That’s important, says Lehner. Besides telling us more about such entities as neutron stars and black holes, this work is intended to help us “hear” or “see” conditions immediately following the universe’s birth. That will help us understand the laws that govern the universe and perhaps help in cracking a key puzzle — the relationship of gravity to the other basic forces of the universe.

One of those other forces — the strong nuclear force that holds atoms together — is the research focus of Guelph physics professors Carl Svensson and Paul Garrett, who work at another kind of detector based in British Columbia. On our Earth-sized scale, gravity is the weakest force, says Lehner, “but on a larger scale, it’s the only one that matters. The cosmos as a whole is dominated by gravity.”

As detectors become more sensitive, scientists should begin picking up their hoped-for signals within about a decade, he says.

“We should be routinely using gravitational waves to understand our universe.”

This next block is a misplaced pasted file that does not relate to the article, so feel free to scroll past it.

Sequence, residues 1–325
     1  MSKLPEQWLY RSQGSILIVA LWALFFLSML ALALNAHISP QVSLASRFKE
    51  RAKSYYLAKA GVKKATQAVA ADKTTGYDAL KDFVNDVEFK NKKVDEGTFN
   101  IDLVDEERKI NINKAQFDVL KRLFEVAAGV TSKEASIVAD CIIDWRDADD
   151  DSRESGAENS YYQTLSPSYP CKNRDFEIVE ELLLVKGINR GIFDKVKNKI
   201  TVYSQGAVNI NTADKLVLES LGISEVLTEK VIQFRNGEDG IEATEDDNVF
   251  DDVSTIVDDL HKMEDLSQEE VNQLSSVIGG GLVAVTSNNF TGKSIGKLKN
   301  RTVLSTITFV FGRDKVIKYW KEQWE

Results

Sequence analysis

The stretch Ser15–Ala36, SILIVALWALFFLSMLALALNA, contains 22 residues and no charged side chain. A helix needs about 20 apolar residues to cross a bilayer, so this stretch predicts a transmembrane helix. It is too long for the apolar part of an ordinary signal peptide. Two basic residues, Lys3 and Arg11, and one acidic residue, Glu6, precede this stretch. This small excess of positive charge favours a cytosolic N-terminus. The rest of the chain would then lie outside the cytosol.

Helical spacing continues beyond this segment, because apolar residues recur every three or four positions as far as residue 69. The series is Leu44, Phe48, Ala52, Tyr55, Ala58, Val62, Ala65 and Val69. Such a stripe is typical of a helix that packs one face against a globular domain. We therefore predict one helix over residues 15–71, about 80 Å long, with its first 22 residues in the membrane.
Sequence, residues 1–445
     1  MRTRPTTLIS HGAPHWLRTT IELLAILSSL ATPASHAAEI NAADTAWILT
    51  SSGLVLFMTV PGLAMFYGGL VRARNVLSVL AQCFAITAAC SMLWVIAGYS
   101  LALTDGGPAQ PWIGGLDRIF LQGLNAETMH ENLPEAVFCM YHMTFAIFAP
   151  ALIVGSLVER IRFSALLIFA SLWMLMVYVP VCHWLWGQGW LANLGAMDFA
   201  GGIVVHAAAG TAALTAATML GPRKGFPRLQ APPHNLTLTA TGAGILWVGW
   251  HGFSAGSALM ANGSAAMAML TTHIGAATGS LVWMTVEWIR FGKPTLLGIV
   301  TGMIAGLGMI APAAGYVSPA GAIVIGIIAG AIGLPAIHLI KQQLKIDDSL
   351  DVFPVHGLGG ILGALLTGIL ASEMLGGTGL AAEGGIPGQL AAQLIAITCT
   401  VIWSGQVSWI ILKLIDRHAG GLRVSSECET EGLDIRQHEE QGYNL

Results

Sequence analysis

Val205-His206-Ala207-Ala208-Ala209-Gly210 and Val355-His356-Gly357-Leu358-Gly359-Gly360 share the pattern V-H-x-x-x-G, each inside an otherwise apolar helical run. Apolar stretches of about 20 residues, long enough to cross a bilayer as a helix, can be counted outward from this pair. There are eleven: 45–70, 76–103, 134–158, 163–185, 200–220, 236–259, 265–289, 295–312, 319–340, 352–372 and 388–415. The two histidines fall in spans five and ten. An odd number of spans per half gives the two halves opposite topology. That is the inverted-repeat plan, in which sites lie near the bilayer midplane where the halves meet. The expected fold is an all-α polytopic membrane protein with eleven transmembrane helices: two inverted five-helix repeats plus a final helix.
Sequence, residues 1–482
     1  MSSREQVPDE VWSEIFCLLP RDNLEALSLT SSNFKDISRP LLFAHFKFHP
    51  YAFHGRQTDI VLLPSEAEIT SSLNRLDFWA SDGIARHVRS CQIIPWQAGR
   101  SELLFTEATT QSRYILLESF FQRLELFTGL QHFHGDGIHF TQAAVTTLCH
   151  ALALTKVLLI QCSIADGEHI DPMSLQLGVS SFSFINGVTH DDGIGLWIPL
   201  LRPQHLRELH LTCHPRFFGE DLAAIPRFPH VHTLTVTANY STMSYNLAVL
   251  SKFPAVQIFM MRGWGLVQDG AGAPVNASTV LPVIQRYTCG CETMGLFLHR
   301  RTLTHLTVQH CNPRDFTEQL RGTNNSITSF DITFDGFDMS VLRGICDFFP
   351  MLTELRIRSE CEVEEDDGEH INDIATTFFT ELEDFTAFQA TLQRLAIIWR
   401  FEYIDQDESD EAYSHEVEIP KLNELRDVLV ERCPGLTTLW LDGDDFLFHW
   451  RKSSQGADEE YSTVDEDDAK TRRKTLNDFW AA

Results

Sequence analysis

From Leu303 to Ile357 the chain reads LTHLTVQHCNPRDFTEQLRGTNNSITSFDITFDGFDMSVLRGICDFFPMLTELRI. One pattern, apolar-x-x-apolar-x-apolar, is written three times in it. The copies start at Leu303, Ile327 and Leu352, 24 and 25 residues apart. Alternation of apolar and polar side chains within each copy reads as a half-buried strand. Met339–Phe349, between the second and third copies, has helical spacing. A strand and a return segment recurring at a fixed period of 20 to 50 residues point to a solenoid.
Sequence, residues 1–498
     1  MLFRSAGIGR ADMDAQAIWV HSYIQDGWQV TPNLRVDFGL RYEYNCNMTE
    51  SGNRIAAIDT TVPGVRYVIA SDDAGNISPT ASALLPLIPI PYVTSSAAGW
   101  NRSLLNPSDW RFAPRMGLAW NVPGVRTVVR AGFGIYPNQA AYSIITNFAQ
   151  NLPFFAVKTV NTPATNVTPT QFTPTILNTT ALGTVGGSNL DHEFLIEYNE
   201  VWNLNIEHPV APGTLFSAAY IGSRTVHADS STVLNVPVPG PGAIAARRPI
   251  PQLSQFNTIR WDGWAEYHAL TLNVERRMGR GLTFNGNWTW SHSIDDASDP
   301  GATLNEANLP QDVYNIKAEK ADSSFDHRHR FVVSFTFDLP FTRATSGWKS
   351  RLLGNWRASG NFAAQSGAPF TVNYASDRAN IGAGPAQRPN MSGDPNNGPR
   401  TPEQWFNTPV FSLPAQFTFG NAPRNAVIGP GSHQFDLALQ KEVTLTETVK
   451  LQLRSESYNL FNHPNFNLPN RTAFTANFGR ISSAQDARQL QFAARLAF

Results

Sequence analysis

He says this work will probably deepen our understanding of matter and even help refine or revamp Einstein’s theory.

Lehner will run complex computer simulations to help model gravitational waves, including the results of collisions involving neutron stars and black holes.

Until this summer, he worked at Louisiana State University, within an hour’s drive of the LIGO detector in Baton Rouge. He explains that his theoretical work can occur anywhere he has access to a computer and interferometer data.

Here at U of G, he’s teaching physics for biological sciences this fall. Early in 2010, he will begin teaching in a new graduate program at the Perimeter. That program, called Perimeter Scholars International, will provide intensive training to prepare students for doctoral research in theoretical physics.

Lehner hopes to establish a similar training program in South America. He attended the National University of Cordoba in Argentina before pursuing PhD studies at the University of Pittsburgh. He held post-docs at the University of Texas at Austin and the University of British Columbia before joining Louisiana State.

At Guelph, he plans to work with the Canadian Institute for Theoretical Astrophysics and the Canadian Institute for Advanced Research.